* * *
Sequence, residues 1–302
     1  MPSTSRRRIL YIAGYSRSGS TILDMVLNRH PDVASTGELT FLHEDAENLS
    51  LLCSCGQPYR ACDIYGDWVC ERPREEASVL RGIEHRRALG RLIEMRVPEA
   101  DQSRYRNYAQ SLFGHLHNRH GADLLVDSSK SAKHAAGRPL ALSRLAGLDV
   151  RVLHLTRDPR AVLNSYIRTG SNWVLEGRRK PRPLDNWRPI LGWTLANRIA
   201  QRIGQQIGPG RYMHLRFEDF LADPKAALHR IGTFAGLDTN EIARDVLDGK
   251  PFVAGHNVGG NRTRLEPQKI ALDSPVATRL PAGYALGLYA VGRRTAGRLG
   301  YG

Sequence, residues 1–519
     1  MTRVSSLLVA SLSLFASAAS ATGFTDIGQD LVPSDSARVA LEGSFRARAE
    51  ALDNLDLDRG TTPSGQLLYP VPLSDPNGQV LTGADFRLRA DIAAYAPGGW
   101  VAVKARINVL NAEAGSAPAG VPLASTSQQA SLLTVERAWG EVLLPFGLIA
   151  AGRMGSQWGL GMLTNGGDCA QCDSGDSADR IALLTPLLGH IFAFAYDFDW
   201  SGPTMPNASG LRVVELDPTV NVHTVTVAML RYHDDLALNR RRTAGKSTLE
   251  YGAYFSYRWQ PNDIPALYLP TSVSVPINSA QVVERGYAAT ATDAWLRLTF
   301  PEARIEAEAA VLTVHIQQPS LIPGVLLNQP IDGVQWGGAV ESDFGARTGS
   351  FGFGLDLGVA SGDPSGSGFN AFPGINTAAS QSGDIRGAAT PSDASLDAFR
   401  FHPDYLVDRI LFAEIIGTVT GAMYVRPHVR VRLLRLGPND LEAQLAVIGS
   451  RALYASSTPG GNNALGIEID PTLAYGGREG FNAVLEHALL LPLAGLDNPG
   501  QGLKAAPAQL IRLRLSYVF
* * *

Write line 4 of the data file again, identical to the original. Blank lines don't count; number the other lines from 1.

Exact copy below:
   101  DQSRYRNYAQ SLFGHLHNRH GADLLVDSSK SAKHAAGRPL ALSRLAGLDV